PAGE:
Depression and anxiety were assessed using the respective subscales of the Hospital Anxiety and Depression Scale. This is a widely used, well-validated questionnaire consisting of 7 items each for anxiety and depression, scored on a 4-point Likert scale from 0-3, with a maximum score of 21. A threshold score of 8+ for both depression and anxiety has been suggested, sensitivity and specificity in the range of 0.70 to 0.90 [15]. Cronbach’s Alpha Coefficients range from 0.83 to 0.93. Retest reliability (2 weeks) demonstrates a high correlation, r>0.80. The HADs was used to assess for co-existing anxiety and depression, which may act as potential confounders [16].
General health status: SF 12v2
The SF12v2 provides a measure of general health status allowing participants with co-existing morbidities which may act as confounders to be excluded. It is an abbreviated version of the SF-36v2 Health Survey that uses 12 questions to measure functional health and wellbeing. The 12 items reflect 8 sub-domains: self-perceived general health, bodily pain, physical functioning, physical role, vitality, social functioning, mental health and emotional role. Both physical and mental component summary scores are generated [17]. Higher scores indicate better functioning and well-being. The mean population score for each is 50 with a SD of 10, based on US norms [18]. US-based norm scoring has been shown to have very little impact when data is collected in Western European countries, and the use of US-derived standard scoring algorithms is recommended [18].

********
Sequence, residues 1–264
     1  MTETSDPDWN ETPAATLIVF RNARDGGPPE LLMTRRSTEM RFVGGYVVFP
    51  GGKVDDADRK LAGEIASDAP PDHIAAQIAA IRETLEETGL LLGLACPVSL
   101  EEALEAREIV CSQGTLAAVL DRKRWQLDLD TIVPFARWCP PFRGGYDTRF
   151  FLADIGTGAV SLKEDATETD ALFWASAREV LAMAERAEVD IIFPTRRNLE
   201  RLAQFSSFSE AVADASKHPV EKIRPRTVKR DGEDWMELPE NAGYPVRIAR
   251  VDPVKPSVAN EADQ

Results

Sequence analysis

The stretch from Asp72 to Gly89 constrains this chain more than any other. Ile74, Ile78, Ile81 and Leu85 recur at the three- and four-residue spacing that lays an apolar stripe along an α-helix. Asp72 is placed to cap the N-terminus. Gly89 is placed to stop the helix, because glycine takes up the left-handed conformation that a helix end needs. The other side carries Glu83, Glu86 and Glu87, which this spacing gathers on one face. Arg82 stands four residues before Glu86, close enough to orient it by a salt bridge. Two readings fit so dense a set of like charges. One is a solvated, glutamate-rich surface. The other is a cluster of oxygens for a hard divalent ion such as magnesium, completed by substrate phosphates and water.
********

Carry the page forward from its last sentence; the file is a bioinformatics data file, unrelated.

Data analysis
All replies were documented in writing, transferred to a secure excel database and subsequently stored in keeping with local data protection guidelines. Data analysis was performed using SPSS version 12 (SPPS, Inc., Chicago, IL.) and included normality assessment, bivariate and partial correlation. Significance was set at p<0.05. Scores were calculated for all of the above measures. In order to examine the relative importance of each domain of the stigmata scale index scores were calculated for each subscale by taking the actual score and dividing by the total score possible for that domain. This computation standardized each subscale to allow for direct comparisons of their importance.